Friday, February 25, 2011

A Cult of Personality

The question of the importance of the leader is always an interesting one. In some elections, it seems that all any one cares about is who the leader is and what he or she is like.

Barack Obama was a perfect example. People were sick of George W Bush, true - but much of Obama's victory was a result of the vision he offered, and the person that he appeared to be.

This is a phenomenon that, for better or worse, doesn't show itself as much in Australia. Of course the leader is important, and of course a bad leader will sink faster than you can say "a conga line of suck-holes" - but by and large the leader's effectiveness is really only a product of his or her ability to enunciate a message, or his or her ability to connect with the public.

This may be a product of our voting system, or perhaps the amount of power with which we invest the executive. Either way, it's important.

Some time ago, NSW Labor abandoned any pretence of trying to win or retain votes based upon the Labor brand. Since Keneally's ascension, it has been all about "Brand Keneally". We've even had stories about Labor candidates actively removing any reference to Labor from the campaign posters.

One of the important questions of this campaign was always going to be how well this worked. Much of the answer would always be dictated by Keneally's performance, and yesterday she showed that she certainly wasn't going to die wondering.

The Channel 10 televised debate was inexplicably scheduled for 12 noon, so I expect that about 16 people watched it. Of course what this means is that most people will rely upon news outlets to tell them who "won" the debate, which for reasons that have always puzzled me seems to be what sways voters the most.

Many commentators noted that Keneally performed far more like an opposition leader, and O'Farrell more like a incumbent. She attacked and probed, whilst he seemed to spend much of the debate trying to keep his head above water. She seemed energetic and likeable, quick on her feet and confident. O'Farrell seemed under attack - his only response to much of what Keneally said was to say that Labor cannot be trusted, which surely is practically beyond question and therefore hardly worth mentioning.

Having said that, the incredibly unscientific SMH Online Poll suggested that O'Farrell won the debate, although this may reflect more of the reader's preconceptions and predetermined voting intentions than being a fair assessment of the debate.

The SMH also surveyed the 75 audience members: 25 Labor voters, 25 Coalition voters and 25 undecideds. How any editor could put the results of such a survey on the front page is beyond me, especially with the headline "Voters like Keneally but dump on Labor". (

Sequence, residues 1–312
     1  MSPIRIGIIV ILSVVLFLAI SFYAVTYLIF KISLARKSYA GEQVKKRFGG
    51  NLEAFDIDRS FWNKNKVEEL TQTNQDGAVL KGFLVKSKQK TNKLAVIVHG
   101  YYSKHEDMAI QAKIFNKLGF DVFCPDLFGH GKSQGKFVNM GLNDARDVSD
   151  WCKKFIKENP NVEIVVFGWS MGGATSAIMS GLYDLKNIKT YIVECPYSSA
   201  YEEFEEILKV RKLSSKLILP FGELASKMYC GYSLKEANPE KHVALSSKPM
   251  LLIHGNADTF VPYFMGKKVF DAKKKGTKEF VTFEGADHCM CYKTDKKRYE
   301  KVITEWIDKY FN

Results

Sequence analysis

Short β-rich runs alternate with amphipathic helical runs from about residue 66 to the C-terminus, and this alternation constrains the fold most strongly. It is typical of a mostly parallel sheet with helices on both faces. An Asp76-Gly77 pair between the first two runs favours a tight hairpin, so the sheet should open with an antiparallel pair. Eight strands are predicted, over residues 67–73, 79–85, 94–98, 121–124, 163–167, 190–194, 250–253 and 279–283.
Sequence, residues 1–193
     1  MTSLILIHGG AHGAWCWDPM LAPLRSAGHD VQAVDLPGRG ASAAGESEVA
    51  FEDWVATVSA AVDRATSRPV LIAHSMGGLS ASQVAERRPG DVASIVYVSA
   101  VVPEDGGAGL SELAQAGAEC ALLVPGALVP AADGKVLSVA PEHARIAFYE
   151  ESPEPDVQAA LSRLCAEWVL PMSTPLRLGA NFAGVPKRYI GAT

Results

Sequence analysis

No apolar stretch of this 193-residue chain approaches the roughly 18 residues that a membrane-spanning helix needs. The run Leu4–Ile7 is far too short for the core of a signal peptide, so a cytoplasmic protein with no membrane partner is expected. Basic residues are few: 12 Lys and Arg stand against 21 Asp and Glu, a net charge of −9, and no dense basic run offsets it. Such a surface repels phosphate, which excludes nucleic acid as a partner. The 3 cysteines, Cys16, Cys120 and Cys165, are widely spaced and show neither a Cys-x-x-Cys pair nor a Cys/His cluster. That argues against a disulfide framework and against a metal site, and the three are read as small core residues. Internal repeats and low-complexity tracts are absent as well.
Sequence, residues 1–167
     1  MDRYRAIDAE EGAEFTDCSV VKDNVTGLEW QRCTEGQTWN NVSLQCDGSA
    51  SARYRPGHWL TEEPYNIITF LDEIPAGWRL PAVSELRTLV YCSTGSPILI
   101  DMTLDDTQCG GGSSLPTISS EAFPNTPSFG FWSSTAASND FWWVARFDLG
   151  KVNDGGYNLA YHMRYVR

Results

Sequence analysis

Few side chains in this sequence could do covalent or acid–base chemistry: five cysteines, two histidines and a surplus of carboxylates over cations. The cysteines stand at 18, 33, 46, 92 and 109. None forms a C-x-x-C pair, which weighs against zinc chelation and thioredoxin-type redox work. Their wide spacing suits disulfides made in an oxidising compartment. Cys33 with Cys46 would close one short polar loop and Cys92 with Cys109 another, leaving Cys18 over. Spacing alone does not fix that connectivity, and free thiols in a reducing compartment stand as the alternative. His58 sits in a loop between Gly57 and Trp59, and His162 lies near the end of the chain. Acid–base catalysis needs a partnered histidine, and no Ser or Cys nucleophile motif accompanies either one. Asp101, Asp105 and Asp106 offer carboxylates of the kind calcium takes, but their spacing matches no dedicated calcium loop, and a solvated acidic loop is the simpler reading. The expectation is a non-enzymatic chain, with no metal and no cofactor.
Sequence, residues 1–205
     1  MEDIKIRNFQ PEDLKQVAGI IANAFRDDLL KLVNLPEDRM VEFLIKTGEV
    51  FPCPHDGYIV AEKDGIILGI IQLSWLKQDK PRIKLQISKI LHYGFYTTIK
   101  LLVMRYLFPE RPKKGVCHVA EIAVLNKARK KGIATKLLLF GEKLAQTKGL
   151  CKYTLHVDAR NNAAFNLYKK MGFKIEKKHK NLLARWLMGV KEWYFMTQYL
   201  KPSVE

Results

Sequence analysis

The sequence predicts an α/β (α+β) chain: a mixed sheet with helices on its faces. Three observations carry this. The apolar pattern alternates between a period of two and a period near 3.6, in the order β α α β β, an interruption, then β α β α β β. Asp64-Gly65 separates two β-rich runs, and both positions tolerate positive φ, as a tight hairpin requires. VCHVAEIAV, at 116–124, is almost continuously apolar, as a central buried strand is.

That's without even talking about how non-random a sample of 75 people who at a few days notice could attend a debate held at 12 noon on a weekday would be. Even more so, and ignoring for a minute the inherent problems, the "survey" result was 26 labor, 21 Liberal, 15 Undecided, 9 Green, and 0 National. For reasons passing understanding, the story was that Keneally had only swayed one voter, rather than the fact that O'Farrell had shed 4 or that the Greens appear to have picked up 9 of the 25 undecideds without even being a part of the debate. If you're going to write a story using a pointless survey, surely you owe it to your readers least draw the right conclusion from it?

The actually interesting part (as opposed to pointless surveys), was this. One of the audience members said that Keneally was "a better debater, and seemed more sure of herself," whilst another said "O'Farrell was visibly rattled at times." (SMH online)

Reading those remarks as they were reported yesterday reminded me of one category of people who would be switching to Labor to build on their awful poll number at the start of the campaign (as I wrote would inevitably happen here:

Some people would decide they liked Keneally better, and that will be all it takes for them to switch to Labor. It's fair enough to question why people would switch based on something as superficial as whether you like their tone, but for better or worse it's what people do.

I think this all vindicates the Labor policy of Brand Keneally. It may be that Labor (correctly) judged that Keneally would play better on TV and would be generally liked by the voters - this would explain why Labor (contrary to the generally accepted approach by incumbent governments) agreed to more debates than you can shake a stick at. They may be banking on Keneally winning people over.

Of course there is practically no chance that this will swing the balance close enough to even make the contest interesting - but if O'Farrell wants a win big enough to all but guarantee 8 years then he will need to make sure people start seeing a side of him that they like.

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